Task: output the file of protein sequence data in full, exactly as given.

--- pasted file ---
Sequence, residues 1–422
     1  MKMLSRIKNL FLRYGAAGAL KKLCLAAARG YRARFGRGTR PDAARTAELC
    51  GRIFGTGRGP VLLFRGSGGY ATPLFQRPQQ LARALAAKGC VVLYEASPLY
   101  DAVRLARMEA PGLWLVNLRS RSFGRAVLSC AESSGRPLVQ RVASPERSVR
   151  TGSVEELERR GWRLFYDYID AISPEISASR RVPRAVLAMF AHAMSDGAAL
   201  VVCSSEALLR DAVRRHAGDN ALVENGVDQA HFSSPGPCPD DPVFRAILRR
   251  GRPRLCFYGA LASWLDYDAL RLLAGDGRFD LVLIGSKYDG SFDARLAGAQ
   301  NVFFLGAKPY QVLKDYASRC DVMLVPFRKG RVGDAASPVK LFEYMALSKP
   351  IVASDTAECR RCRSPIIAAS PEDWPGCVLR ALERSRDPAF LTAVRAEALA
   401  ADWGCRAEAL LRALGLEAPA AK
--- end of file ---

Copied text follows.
Sequence, residues 1–422
     1  MKMLSRIKNL FLRYGAAGAL KKLCLAAARG YRARFGRGTR PDAARTAELC
    51  GRIFGTGRGP VLLFRGSGGY ATPLFQRPQQ LARALAAKGC VVLYEASPLY
   101  DAVRLARMEA PGLWLVNLRS RSFGRAVLSC AESSGRPLVQ RVASPERSVR
   151  TGSVEELERR GWRLFYDYID AISPEISASR RVPRAVLAMF AHAMSDGAAL
   201  VVCSSEALLR DAVRRHAGDN ALVENGVDQA HFSSPGPCPD DPVFRAILRR
   251  GRPRLCFYGA LASWLDYDAL RLLAGDGRFD LVLIGSKYDG SFDARLAGAQ
   301  NVFFLGAKPY QVLKDYASRC DVMLVPFRKG RVGDAASPVK LFEYMALSKP
   351  IVASDTAECR RCRSPIIAAS PEDWPGCVLR ALERSRDPAF LTAVRAEALA
   401  ADWGCRAEAL LRALGLEAPA AK